Dept. of Justice opens investigation into conditions of Alabama’s male prisons

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The U.S. Justice Department announced Thursday it has opened a statewide investigation into violence, rape, overcrowding, among other problems and conditions in Alabama’s prisons for men.

Specifically, the investigation will focus on whether prisoners are adequately protected from physical harm and sexual abuse at the hands of other prisoners; whether prisoners are adequately protected from use of excessive force and staff sexual abuse by correctional officers; and whether the prisons provide sanitary, secure and safe living conditions.

“The Constitution requires that prisons provide humane conditions of confinement,” Principal Deputy Assistant Attorney General Vanita Gupta, head of the Justice Department’s Civil Rights Division stated in the announcement.  “We hope to work cooperatively with the state of Alabama in conducting our inquiry and ensuring that the state’s facilities keep prisoners safe from harm.”

The DOJ Civil Rights Division’s Special Litigation Section and the three U.S. Attorney’s Offices — the Northern, Middle and Southern Districts in Alabama — will conduct the investigation.

“Our obligation is to protect the civil rights of all citizens, including those who are incarcerated,” said U.S. Attorney Joyce White Vance of the Northern District of Alabama. “This investigation provides us with an opportunity to work collaboratively with the state of Alabama to assess current conditions and ensure constitutionally sufficient conditions exist for all prisoners.”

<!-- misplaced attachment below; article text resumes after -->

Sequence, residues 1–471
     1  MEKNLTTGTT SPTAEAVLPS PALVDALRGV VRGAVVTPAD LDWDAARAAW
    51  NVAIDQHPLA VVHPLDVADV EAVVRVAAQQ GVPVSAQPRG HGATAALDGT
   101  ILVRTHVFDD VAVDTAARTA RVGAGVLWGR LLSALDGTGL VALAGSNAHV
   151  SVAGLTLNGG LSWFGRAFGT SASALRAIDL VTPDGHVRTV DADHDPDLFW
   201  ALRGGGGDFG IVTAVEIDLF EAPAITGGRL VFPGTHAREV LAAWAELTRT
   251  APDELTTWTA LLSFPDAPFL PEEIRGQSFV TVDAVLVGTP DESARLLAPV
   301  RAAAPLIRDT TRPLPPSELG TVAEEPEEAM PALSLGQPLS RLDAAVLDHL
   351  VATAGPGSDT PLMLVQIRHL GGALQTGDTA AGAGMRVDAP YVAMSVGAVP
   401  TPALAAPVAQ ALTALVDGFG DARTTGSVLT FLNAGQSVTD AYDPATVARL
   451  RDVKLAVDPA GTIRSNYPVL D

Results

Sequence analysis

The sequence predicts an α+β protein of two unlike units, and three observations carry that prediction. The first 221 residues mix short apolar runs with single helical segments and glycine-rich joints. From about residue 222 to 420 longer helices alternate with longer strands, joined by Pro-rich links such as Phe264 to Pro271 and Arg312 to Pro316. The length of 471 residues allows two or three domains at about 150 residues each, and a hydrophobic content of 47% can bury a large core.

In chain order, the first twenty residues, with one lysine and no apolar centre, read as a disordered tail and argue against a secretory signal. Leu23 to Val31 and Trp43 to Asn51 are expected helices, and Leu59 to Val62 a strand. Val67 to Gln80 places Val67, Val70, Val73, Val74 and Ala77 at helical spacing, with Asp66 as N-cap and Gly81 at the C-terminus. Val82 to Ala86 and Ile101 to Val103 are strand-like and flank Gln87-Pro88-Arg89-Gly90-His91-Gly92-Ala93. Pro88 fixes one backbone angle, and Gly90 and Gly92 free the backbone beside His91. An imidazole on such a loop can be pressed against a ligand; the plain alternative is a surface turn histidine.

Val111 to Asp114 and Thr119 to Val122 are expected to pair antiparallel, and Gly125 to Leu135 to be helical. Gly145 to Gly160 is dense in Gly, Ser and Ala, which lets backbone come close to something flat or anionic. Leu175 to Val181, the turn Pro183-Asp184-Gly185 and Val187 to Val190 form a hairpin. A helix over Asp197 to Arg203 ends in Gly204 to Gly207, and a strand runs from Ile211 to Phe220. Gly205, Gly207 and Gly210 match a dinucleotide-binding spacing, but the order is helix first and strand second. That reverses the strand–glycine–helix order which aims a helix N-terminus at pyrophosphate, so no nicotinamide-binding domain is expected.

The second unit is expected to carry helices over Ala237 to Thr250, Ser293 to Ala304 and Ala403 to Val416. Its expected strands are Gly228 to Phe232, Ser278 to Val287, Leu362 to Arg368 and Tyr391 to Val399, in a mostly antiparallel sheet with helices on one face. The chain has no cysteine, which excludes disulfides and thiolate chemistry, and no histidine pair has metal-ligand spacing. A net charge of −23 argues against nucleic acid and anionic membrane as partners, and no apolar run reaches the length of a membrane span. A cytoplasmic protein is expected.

Prison overcrowding has exacerbated the problems within the prisons. State prisons in January housed 25,102 inmates in facilities designed to hold 13,318, putting the system at 188 percent capacity. The crowding level has contributed to risky conditions for those on both sides of the prison bars. Over the past year, the state’s two largest men’s prisons have been commonplace to riots and violence.

“The vulnerability of a prisoner makes it even more important that basic hygiene and safe accommodations are afforded the inmates,” said U.S. Attorney George L. Beck Jr. of the Middle District of Alabama.

The Justice Department has yet to reach any conclusions regarding the allegations in this matter.

The investigation will be conducted under the Civil Rights of Institutionalized Persons Act (CRIPA). Under CRIPA, the department has the authority to investigate violations of prisoners’ constitutional rights that result from a “pattern or practice of resistance to the full enjoyment of such rights.”

“All citizens, even those who are incarcerated, should expect sanitary conditions of habitation that are free of physical harm and sexual abuse,” added U.S. Attorney Kenyen R. Brown of the Southern District of Alabama.

Individuals with relevant information are encouraged to contact the department via phone at (205) 244-2001 or by email at


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